A 15-year strategy is needed to secure value from the Isle of Man heritage railways, a report has found.
The recommendation is one of 13 from engineering consultants Systra in an independent report.
The review said while there were ideas about how the 150-year-old network could progress, there was a “lack of a clear, unified vision”.
The review was set up to consider the the steam railway, Manx electric railways and horse trams.
Overall it found that the railways had “continued to positively progress” despite challenges posed during the height of the coronavirus pandemic.
The report said while there was “clearly a strategic case for reinstatement” of the Douglas Bay Horse Tramway the full length of Douglas Promenade, it would require a “very large increase in passenger numbers to avoid a further increase in subvention”.
However, it said the Sea Terminal could be used as part of the railway’s visitor facilities “prior to investment in facilities at Derby Castle”.
It said that introducing a commuter train service between and Ramsey and the capital on the Manx Electric Railway would have a “low marginal cost” would likely generate “positive value for money”.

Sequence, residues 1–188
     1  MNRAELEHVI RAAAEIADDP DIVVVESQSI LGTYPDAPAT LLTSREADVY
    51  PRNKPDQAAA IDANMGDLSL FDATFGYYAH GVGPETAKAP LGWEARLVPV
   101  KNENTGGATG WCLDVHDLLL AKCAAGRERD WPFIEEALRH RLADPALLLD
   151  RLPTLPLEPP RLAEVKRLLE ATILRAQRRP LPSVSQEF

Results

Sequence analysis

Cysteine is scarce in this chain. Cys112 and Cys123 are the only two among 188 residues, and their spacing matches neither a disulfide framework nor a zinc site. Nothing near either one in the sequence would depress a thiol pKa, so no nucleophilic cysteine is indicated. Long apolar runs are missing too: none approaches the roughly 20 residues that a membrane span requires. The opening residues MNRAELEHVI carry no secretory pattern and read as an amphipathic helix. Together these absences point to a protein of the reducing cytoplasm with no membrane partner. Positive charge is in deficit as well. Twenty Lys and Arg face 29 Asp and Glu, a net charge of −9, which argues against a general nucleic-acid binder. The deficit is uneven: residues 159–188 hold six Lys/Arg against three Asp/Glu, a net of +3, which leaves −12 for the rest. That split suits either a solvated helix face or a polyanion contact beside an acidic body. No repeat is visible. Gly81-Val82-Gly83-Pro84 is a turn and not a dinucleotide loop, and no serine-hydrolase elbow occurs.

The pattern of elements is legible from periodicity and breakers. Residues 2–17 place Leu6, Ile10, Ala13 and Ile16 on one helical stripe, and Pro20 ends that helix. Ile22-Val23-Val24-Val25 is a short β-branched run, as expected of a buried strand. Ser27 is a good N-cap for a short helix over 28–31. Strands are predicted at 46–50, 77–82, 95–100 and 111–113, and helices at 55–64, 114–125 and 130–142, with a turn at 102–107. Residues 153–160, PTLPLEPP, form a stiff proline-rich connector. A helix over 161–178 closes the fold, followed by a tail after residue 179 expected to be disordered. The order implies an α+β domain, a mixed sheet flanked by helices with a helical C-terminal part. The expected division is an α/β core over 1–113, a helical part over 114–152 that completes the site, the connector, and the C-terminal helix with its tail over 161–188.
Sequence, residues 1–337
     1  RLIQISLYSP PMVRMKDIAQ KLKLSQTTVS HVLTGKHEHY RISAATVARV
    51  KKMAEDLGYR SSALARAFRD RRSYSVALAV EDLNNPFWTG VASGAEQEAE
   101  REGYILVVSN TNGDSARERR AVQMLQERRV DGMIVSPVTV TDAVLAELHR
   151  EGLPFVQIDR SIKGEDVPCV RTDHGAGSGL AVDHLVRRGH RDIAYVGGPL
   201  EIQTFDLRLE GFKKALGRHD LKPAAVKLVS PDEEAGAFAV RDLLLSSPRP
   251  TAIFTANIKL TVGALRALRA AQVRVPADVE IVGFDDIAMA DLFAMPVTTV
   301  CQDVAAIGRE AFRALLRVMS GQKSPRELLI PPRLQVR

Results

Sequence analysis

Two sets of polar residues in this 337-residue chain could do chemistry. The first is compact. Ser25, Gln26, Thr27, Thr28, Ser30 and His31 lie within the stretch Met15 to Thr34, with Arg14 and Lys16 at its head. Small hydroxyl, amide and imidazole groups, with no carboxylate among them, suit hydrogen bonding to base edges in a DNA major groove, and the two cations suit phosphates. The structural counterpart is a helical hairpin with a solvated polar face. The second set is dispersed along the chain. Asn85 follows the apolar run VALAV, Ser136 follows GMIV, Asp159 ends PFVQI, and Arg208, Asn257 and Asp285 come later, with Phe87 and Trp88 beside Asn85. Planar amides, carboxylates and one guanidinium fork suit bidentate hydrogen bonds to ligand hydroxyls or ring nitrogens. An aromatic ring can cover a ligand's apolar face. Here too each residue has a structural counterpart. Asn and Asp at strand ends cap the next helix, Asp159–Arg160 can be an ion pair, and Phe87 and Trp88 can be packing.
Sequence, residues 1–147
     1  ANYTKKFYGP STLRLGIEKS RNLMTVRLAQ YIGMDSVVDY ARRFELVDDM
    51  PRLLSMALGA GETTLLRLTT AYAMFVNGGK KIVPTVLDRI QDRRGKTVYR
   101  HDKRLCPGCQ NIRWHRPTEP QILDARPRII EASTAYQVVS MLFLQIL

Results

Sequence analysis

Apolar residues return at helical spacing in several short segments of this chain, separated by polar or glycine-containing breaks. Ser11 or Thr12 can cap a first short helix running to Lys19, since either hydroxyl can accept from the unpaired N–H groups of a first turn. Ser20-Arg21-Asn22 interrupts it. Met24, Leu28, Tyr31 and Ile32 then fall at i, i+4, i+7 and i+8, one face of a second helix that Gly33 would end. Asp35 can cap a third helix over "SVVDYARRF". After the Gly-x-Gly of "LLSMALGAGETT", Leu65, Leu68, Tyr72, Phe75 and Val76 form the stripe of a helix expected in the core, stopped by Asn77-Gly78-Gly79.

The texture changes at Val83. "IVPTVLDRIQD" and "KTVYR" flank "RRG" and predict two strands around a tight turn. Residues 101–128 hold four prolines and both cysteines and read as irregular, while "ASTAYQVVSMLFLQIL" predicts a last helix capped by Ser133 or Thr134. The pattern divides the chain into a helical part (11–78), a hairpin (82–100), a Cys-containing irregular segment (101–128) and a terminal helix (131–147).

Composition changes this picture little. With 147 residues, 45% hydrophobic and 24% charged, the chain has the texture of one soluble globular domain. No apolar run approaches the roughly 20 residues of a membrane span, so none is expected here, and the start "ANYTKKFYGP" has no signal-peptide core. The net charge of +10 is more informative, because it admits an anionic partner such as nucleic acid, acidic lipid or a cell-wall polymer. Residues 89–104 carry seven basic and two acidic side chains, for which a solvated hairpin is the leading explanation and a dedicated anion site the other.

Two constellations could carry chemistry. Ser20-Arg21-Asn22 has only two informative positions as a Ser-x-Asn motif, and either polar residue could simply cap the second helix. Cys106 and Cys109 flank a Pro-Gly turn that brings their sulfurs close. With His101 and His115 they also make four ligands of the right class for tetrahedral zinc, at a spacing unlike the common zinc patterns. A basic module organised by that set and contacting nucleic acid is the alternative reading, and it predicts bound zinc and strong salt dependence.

Introducing two morning and two evening services would need 88 passengers per trip to turn a profit, which was “ambitious” by “plausible”, the report stated.
Changing the points at the Derby Castle to allow the electric tram to travel further into Douglas town centre could be done in conjunction with this, it said.
Looking at the overall impact of the heritage railways on the economy, the consultants found that for every £1 spent in subvention and capital investment there was an economic benefit of £2.88.
It also recommended an increase in capital investment “a small number of years” to allow track renewal programmes to be completed, following a reduction in annual spending £5m to about £2.5m in 2023.
Systra said the railways strategy was needed to “further enhance the visitor experience with the ultimate aim of increasing revenue and passenger numbers”.
Other recommendations included the formation of a board of directors to oversee the management of the network, the creation of better communication between tourism agencies, a review of the cost of Go Explore tickets for all the railways, and an “urgent” improvement to the railways’ digital marketing.
Infrastructure Minister Tim Crookall said the report would provide the department with “a firm base from which to view the railways’ current position and then plan their future development”.